And then there were seven. Seven patches in the developing “paid sick leave” patchwork that we presaged months ago. It started with San Francisco in 2007. Then the District of Columbia, Connecticut, Seattle, Portland, OR, and NYC . Now, add the Jersey City, N.J. patch.
The Jersey City variation requires employers with at least 10 employees to accrue an hour of paid sick time for every 30 hours worked, and smaller employers to accrue an hour of unpaid sick time for every 30 hours of work. The ordinance states specifically that an employer’s “absence control policy” may not count paid sick time taken under it as an absence, which means an employer must close its eyes to these absences as it must to those taken pursuant to the FMLA.
Employees must give notice of the need to use sick time “as soon as practicable.” Accrued sick time may be used in the smallest increment that the employer’s payroll system uses to account for absences or use of other time, or one hour, whichever is less.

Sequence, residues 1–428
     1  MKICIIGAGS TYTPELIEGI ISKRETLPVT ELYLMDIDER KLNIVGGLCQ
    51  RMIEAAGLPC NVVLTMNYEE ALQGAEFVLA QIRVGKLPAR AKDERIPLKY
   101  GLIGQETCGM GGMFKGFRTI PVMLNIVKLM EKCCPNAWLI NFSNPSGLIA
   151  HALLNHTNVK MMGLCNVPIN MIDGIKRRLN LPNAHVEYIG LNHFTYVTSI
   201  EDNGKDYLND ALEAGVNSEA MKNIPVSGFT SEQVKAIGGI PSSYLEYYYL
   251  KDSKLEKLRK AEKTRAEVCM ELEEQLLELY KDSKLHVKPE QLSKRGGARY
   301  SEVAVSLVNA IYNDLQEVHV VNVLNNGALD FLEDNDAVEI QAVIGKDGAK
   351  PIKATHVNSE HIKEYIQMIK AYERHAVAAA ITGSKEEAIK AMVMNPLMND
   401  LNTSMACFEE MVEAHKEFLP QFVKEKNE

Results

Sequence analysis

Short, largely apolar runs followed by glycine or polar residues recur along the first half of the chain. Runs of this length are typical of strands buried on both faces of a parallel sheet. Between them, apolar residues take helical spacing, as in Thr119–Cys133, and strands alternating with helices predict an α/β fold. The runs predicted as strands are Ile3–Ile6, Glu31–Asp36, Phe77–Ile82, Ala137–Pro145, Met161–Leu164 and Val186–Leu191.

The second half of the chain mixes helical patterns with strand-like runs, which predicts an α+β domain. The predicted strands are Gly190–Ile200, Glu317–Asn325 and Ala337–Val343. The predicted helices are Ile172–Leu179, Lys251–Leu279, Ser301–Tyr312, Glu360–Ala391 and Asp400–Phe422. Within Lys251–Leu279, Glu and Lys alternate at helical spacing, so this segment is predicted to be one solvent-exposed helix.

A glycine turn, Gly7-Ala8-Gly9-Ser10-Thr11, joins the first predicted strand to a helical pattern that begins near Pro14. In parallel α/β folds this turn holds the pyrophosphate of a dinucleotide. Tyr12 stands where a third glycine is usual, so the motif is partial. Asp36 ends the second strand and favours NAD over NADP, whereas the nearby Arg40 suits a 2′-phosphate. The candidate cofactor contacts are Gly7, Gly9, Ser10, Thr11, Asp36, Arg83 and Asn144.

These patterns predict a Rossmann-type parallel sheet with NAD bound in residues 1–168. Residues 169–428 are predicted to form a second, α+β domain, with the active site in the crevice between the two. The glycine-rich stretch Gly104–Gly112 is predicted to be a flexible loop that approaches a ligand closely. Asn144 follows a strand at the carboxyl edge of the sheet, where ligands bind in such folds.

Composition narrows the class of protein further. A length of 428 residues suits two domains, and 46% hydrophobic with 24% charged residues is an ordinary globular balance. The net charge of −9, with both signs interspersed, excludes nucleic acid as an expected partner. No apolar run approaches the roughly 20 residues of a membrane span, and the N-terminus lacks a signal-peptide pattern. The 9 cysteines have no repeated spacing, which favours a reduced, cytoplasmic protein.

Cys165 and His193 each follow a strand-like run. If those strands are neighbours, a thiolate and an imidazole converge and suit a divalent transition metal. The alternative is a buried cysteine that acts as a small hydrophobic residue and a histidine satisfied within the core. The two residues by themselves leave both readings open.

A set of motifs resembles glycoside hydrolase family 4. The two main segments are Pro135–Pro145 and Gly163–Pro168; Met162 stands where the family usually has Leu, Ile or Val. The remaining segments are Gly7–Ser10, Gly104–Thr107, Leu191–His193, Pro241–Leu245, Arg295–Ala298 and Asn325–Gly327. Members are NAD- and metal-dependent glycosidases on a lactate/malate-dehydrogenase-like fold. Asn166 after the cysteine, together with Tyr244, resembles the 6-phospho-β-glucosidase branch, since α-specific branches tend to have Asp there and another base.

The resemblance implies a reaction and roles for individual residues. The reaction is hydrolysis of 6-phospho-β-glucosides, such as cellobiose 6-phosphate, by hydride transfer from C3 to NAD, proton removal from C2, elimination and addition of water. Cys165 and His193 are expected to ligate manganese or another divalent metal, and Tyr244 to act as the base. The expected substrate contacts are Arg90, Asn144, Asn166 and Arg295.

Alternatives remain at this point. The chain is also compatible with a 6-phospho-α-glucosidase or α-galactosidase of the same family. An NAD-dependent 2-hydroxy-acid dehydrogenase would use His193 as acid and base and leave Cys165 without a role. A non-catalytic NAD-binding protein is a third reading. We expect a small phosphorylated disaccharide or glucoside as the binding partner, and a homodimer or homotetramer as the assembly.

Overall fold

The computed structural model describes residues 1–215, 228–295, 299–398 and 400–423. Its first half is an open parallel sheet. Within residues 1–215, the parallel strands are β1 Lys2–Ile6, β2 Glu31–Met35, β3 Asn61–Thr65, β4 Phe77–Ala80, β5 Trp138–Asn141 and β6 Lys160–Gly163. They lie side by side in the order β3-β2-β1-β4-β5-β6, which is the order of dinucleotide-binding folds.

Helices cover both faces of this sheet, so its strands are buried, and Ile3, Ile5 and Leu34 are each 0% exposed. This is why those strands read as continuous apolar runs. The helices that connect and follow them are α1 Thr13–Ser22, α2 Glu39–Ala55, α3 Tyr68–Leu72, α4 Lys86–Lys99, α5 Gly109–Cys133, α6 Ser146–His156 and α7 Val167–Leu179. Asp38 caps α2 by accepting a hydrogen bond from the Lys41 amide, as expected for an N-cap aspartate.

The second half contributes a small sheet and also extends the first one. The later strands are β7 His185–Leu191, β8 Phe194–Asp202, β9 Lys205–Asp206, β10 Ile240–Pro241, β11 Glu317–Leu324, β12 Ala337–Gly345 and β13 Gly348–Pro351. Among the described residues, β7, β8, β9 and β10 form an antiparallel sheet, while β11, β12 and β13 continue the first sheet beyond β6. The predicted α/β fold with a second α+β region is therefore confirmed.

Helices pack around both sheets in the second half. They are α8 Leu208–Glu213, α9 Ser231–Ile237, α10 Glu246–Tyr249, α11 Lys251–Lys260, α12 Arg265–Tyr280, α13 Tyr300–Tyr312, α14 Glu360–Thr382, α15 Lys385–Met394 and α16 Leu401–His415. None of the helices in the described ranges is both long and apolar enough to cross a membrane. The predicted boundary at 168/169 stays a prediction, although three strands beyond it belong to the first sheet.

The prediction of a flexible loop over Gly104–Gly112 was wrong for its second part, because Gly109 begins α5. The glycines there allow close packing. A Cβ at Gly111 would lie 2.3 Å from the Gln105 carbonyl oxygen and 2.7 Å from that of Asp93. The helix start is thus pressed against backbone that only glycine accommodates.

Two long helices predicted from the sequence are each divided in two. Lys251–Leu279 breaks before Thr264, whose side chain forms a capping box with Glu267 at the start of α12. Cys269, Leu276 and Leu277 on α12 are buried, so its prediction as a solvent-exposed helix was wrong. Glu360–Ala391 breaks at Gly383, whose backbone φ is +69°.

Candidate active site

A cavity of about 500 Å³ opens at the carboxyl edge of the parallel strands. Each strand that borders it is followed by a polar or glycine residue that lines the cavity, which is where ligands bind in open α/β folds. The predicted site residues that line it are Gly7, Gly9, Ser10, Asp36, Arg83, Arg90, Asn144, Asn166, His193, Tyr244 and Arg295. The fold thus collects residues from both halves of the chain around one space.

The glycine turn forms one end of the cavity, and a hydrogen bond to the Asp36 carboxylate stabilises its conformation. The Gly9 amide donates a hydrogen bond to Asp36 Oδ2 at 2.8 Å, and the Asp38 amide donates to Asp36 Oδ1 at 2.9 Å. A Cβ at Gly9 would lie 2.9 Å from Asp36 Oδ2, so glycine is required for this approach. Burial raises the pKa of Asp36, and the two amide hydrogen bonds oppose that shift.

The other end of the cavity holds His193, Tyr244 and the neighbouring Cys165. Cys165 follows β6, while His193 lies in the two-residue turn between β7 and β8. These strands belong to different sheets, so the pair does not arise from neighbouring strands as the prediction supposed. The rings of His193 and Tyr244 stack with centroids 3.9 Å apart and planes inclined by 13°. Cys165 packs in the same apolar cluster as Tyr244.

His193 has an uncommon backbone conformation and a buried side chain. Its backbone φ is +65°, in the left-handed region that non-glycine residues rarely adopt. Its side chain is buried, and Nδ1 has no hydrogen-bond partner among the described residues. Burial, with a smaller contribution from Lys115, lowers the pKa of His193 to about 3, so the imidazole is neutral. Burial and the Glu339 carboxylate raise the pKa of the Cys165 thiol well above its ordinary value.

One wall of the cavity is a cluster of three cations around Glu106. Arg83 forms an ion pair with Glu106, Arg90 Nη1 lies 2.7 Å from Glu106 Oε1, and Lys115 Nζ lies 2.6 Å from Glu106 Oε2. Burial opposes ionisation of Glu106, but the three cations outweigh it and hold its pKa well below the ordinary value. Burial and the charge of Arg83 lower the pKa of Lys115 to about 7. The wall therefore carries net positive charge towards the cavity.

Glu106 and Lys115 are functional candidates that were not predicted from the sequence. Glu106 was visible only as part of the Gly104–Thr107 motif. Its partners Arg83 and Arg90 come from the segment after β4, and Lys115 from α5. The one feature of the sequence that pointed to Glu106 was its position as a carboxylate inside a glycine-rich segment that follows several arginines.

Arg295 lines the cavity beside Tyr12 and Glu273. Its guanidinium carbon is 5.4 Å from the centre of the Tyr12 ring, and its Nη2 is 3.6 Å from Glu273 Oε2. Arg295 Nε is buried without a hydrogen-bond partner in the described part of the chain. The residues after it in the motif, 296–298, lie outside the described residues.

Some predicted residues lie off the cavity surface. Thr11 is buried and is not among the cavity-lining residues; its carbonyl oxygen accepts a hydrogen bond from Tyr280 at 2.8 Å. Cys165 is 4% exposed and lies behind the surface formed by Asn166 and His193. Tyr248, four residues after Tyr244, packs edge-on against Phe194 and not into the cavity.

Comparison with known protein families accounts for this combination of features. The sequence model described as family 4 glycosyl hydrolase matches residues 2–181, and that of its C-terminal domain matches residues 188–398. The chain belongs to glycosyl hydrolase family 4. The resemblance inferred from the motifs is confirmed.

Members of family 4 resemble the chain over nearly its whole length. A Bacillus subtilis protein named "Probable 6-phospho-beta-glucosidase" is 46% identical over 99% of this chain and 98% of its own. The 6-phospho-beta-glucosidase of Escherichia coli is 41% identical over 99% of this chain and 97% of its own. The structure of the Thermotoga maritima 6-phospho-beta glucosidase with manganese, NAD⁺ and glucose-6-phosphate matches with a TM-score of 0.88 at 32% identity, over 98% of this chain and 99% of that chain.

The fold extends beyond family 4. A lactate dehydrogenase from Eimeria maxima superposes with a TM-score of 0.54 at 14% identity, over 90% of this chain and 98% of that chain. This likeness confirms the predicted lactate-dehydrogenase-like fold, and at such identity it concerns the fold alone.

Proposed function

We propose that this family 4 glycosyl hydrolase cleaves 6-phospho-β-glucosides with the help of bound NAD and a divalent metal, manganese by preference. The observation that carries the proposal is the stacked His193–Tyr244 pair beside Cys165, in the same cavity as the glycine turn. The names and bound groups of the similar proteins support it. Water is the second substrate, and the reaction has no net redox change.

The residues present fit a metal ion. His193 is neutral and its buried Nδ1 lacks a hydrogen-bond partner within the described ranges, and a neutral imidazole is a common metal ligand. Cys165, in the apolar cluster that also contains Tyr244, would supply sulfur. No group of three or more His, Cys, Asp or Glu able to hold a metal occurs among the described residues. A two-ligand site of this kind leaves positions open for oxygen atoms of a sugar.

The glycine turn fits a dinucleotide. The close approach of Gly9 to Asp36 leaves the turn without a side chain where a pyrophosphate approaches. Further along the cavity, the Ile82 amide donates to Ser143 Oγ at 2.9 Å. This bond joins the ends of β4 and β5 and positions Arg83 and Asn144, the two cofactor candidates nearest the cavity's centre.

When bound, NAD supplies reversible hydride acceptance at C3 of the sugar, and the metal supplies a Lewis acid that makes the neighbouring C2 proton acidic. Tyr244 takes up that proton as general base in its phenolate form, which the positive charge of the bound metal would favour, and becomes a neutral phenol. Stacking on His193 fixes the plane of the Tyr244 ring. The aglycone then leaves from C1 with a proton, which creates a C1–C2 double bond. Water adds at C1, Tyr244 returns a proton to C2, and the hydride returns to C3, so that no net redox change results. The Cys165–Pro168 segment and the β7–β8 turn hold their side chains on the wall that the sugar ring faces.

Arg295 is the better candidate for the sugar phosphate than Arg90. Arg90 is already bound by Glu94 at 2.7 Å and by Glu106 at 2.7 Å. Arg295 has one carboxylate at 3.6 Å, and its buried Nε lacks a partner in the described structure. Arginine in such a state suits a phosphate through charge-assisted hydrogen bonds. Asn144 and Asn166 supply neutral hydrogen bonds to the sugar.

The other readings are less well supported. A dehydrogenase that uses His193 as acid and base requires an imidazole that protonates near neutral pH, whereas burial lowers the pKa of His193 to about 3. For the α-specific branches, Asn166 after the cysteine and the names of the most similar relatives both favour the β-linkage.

The ordinance has the usual prohibitions. An employer may not restrain or interfere with an employee’s exercise of rights under the ordinance or retaliate against someone who does.
To be clear, the patchwork challenge has nothing to do with the social question of whether there should or should not be paid sick days. The challenge is the proliferation of leave and attendance laws and how they interact with each other. Does the time off under paid sick day laws run concurrent with time off under these other leave-and-attendance laws or is it “stacked” on top of those laws?
Rest assured, we will soon be discussing the eighth patch in the patchwork!